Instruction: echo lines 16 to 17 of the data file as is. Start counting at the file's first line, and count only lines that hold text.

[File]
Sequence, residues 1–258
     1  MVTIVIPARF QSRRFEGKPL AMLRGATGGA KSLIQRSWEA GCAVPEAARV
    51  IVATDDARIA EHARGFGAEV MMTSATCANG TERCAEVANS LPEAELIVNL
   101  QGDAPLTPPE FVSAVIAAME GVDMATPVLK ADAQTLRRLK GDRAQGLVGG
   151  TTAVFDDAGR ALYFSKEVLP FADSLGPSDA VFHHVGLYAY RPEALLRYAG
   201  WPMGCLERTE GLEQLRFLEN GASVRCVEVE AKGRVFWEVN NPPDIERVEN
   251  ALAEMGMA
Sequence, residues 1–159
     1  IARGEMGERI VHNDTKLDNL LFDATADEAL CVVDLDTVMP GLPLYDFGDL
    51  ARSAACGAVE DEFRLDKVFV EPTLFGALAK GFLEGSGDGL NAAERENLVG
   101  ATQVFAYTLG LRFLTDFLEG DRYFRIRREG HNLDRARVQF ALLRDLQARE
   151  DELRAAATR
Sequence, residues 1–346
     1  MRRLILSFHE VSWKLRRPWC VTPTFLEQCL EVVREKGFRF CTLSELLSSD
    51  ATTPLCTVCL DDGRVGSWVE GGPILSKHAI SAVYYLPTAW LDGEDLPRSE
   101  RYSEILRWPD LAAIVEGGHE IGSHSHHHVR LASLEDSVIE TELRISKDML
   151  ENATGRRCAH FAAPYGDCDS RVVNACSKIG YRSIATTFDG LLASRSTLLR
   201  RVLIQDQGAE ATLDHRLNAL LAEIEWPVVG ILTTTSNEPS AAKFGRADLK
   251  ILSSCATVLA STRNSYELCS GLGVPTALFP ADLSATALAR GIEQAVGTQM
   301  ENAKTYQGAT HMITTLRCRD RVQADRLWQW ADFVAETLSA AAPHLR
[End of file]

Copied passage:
   101  RYSEILRWPD LAAIVEGGHE IGSHSHHHVR LASLEDSVIE TELRISKDML
   151  ENATGRRCAH FAAPYGDCDS RVVNACSKIG YRSIATTFDG LLASRSTLLR